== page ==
“That’s a 25 percent reduction in the risk of recurrence,” said Long, whose home country of Australia has not approved the adjuvant regimen. She also noted that OS data were not yet mature; but since then, updated findings from the trial demonstrated that, at a median of 5.3 years’ followup, the five-year overall survival rate was 65.4 percent with Yervoy compared with 54.4 percent in the control arm. Long pointed out that the high dose used in the trial was very toxic. Five treatment-related deaths occurred during the trial, but Weber noted that there were fewer deaths over time with Yervoy than in the placebo arm.
Although the two experts disagreed over the meaningfulness of the on-study deaths, they agreed that clinicians must weigh the study’s findings cautiously when making treatment decisions. Long said she doubted Australian oncologists would find that the benefits of using highdose Yervoy outweighed the serious risks.
Luke said that, even if the trial found an OS benefit with high-dose Yervoy, he was not sure the toxicities, some of which could make patients ineligible for subsequent therapies, would be worth it. “There are ongoing trials investigating agents in this space, so I would really prioritize the idea that patients should participate in those,” he said.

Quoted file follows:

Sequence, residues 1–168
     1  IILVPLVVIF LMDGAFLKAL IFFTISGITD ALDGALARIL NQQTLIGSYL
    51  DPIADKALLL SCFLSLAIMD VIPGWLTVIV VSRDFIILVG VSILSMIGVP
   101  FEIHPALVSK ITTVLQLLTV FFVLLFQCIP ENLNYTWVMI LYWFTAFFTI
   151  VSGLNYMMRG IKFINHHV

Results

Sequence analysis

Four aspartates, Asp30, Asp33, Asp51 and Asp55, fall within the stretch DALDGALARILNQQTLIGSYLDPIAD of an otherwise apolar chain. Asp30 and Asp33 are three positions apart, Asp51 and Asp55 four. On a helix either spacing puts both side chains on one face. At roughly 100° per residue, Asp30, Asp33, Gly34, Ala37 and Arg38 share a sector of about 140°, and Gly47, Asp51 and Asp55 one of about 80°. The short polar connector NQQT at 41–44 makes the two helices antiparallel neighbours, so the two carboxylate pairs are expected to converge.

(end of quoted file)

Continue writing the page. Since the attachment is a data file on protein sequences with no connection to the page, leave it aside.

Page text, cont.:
SYSTEMIC THERAPY FOR METASTATIC DISEASE
The paradigm for patients who have unresectable metastases is still evolving. Luke said the thinking used to be that mutation-targeting therapy was more suitable for high-volume BRAF-positive melanoma, which might be symptomatic, and that immunotherapy was better for low-volume disease. “I think our recent data are starting to say that at least there’s equipoise, or perhaps it’s the reverse,” he said. Luke explained that newer data show patients with less than three sites of disease, normal lactate dehydrogenase (LDH) levels (which indicate the health of the body's tissues) and good performance status have better longterm outcomes with mutation-targeting therapy than those with bulky disease. Recent studies have also found that patients with bulky disease and higher LDH levels fare better with immunotherapy combinations than many other patient groups.